In the upcoming legislative term, EPP and S&D legislators will likely seek to re-evaluate and potentially recalibrate defence legislation to better address these concerns. Proposed changes may include increased funding for defence to bolster military readiness, initiatives aimed at enhancing the EU’s strategic autonomy to reduce dependency on external allies, and an expansion in collaborative defence projects funded by initiatives such as the EDF. However, passing such legislation may prove to be difficult due to opposition from members with pro-Russian sympathies. In recent weeks, candidates in several countries including Austria, Germany, Hungary, and Italy campaigned for ‘peace’ in Ukraine in what many see as an attempt to soften the EU’s stance towards Russian aggression in Ukraine.  

For commercial players in the defence sector, a legislative shift towards greater defence spending represents both opportunities and challenges. The potential increase in defence budgets and expansion of EU-wide defence projects could open new markets for defence equipment and services. However, companies must also prepare to navigate new regulatory landscapes and adjust to evolving procurement policies. Strategic partnerships within the EU may become crucial as firms seek to align with the new directives and capitalise on the emerging opportunities presented by a redefined European defence policy.

Immigration to remain a tool in the far-right arsenal

Driven by ongoing instability in North Africa and Ukraine, irregular migration remains a contentious theme in EU politics. Legislation since 2015 has been piecemeal, but in April and May 2024, after nearly a decade of deliberation, the EU Parliament and Council accepted the Pact on Migration and Asylum to standardise and expedite migrant processing protocols, and distribute costs and responsibilities among states. With the pact barely passing, opposition persists among left- and right-wing factions, with the former pointing to potential humanitarian consequences, and the latter arguing the legislation does little to address issues of border insecurity, the strain on welfare systems, and a loss of national identity. Nevertheless, full implementation is scheduled for 2026.

While these reforms are unlikely to directly impact the commercial space, opposition to the pact and its implementation in the coming two years will drive friction in parliament, which may delay cooperation on important legislation in other contentious areas like defence and energy. Some leaders, like Poland’s Donald Tusk and Hungary’s Viktor Orbán, have already rejected the Pact, prompting EU authorities to threaten penalties. As right-wing and far-right representation, and ‘fortress Europe’ rhetoric becomes more normalised on the EU stage, parties like Alternative for Germany (AfD) will continue leveraging anti-immigrant sentiment (and the EU’s role in obligating states to accept responsibility for migrants) to increase their domestic foothold. With several right-wing governments already in power across Europe, and others gaining traction, wider support for these parties and their often nationalist agendas could translate into stricter domestic anti-immigrant laws that may exacerbate Europe’s labour shortages amid an aging population. Some commercial operators – including in-demand and labour-intensive technology and manufacturing sectors in the Netherlands and Germany – have already indicated concern over the potential for far-right anti-immigration legislation to drive issues around labour availability. Meanwhile, societal tensions have also stoked unrest and violence in countries like Sweden and Germany as far-right and counter-protesters clash at demonstrations, which could intensify as anti-immigration rhetoric becomes more mainstream.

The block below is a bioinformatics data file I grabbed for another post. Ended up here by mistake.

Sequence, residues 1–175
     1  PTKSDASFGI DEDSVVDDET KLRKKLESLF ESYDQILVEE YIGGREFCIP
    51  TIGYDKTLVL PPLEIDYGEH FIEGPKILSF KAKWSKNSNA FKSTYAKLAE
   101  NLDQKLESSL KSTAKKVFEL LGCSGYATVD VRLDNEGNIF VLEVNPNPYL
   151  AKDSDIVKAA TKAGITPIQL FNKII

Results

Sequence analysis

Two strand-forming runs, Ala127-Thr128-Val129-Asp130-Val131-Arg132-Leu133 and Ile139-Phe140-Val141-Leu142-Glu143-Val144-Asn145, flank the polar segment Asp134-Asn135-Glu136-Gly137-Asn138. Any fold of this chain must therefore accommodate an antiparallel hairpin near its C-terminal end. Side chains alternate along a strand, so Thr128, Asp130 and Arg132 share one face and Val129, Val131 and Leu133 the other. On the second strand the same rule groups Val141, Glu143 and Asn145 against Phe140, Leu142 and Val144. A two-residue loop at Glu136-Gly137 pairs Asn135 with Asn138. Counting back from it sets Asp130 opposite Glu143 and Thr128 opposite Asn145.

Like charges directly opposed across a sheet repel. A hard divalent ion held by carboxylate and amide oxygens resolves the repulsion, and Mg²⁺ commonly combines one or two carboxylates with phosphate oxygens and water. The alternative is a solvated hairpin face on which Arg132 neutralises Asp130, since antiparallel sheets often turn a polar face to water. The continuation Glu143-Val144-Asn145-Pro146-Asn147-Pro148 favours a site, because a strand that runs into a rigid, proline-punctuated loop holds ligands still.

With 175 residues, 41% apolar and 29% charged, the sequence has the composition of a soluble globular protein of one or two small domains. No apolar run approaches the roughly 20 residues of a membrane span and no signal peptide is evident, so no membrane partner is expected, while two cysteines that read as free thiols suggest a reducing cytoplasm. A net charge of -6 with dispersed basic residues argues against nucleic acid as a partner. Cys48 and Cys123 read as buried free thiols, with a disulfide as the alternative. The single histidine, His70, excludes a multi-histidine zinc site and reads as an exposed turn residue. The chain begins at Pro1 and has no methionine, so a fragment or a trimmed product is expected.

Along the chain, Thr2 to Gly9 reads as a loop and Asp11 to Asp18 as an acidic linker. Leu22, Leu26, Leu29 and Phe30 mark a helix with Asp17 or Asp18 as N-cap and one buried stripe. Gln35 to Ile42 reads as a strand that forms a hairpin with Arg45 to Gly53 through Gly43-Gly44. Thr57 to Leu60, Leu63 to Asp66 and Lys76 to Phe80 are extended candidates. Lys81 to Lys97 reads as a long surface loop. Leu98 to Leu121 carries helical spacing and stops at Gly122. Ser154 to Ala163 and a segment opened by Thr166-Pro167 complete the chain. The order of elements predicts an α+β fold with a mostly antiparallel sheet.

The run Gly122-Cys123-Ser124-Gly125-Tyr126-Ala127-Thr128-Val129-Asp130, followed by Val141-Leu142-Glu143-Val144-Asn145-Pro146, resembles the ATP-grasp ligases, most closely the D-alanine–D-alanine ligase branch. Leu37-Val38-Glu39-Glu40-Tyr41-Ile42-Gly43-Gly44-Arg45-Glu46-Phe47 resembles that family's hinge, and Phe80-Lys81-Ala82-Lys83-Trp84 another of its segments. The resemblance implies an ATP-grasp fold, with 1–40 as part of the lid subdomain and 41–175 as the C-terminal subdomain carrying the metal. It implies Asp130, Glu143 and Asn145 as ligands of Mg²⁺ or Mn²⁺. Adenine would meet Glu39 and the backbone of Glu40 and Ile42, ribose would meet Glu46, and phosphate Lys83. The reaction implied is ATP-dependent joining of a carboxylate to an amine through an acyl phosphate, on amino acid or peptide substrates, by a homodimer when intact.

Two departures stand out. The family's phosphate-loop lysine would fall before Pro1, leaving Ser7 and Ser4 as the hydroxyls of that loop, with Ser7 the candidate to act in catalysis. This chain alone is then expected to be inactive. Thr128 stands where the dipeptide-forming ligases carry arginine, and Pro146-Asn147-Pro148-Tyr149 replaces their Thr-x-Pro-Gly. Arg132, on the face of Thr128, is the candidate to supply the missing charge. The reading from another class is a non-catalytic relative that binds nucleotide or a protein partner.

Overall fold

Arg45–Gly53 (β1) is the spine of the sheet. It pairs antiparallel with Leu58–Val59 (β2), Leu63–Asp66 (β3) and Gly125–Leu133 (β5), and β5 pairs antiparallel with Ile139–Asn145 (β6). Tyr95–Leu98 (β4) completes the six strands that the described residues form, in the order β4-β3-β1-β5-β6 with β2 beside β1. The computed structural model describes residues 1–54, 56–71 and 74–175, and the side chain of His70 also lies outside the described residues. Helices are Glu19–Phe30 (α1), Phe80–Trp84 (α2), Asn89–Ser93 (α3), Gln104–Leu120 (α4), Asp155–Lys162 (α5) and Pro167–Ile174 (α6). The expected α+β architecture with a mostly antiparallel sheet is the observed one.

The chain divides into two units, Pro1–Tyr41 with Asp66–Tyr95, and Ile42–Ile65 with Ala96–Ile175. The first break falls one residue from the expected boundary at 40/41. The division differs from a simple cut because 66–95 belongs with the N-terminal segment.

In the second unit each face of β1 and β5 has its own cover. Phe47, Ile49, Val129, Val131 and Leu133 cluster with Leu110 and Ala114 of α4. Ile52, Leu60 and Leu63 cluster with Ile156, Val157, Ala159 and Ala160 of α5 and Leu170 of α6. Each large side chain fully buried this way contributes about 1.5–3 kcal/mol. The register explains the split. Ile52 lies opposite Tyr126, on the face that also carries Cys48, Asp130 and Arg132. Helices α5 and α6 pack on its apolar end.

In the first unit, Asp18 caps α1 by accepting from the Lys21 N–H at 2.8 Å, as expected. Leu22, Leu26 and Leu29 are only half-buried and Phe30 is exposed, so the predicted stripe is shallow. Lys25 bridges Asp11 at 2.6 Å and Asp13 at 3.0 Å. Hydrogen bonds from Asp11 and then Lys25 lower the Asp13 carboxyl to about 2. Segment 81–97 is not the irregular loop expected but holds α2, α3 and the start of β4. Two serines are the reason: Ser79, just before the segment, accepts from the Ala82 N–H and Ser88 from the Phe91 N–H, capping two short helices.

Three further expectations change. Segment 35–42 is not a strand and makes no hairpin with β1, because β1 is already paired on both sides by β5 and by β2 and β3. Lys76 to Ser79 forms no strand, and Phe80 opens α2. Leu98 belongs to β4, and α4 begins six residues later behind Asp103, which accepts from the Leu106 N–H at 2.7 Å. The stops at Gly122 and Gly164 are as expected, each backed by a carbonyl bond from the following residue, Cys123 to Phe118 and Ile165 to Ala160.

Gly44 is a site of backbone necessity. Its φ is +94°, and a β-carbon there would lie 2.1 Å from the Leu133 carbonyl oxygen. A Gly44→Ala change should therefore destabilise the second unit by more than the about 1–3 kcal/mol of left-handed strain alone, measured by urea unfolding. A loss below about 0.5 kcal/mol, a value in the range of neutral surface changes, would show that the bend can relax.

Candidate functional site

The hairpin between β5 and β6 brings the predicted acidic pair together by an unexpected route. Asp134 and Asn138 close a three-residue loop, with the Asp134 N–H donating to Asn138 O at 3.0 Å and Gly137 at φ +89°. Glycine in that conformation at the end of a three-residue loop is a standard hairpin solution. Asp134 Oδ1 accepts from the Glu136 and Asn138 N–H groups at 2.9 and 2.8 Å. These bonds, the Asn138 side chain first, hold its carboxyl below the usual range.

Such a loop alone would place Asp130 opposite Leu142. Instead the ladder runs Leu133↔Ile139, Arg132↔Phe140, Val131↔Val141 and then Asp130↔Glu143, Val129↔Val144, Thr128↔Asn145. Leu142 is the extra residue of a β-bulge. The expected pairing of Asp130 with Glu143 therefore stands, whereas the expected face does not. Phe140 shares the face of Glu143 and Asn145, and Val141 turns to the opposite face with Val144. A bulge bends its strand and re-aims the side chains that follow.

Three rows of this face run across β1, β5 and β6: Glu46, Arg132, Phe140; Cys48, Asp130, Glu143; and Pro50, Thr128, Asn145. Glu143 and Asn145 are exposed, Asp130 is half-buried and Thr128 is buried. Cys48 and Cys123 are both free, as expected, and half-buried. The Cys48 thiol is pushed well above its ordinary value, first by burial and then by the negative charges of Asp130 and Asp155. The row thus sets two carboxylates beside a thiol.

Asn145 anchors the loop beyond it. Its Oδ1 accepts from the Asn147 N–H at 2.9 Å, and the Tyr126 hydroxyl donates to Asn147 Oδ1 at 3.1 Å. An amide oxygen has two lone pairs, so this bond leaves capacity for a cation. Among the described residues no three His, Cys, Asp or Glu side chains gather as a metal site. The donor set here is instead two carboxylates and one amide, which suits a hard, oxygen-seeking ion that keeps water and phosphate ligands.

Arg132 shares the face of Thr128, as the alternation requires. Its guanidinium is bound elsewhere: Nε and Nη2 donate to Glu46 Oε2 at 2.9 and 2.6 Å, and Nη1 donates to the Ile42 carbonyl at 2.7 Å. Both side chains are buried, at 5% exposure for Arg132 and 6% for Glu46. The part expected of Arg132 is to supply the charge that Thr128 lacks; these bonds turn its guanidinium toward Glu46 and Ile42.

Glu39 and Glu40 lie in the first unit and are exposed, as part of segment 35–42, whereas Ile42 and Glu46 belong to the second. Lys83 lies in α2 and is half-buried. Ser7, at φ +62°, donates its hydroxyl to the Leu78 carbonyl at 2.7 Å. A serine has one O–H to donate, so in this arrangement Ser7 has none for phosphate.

Given these dynamics, businesses could face an even more volatile and divided political landscape, and possible longer-term challenges in sectors typically reliant on foreign workers, like tourism, agriculture, and manufacturing.

Potential for a political shake-up?

While the likely increase in seats for the right-wing ID and ECR blocs (to an estimated 25 percent) has generated concern of disruptions to European unity, policies, and the wider liberal agenda, these groups – comprising a spectrum of right-leaning agendas – remain highly fragmented on supranational policies, including irregular migration, defence and energy. As such, EU policymaking in the aftermath of the election will be characterised largely by continuity, perhaps with a greater degree of infighting among factions, and challenges in compelling some member states with right-wing governments to comply with existing frameworks. However, populism and nationalism are rising, driving longer-term implications for the composition of national governments and the EU’s legislative makeup. In time, it is feasible that alignment among right and far-right factions could increase and present a much stronger coalition that could effectively disrupt the EU’s longstanding vision of unity, and its traditional policies.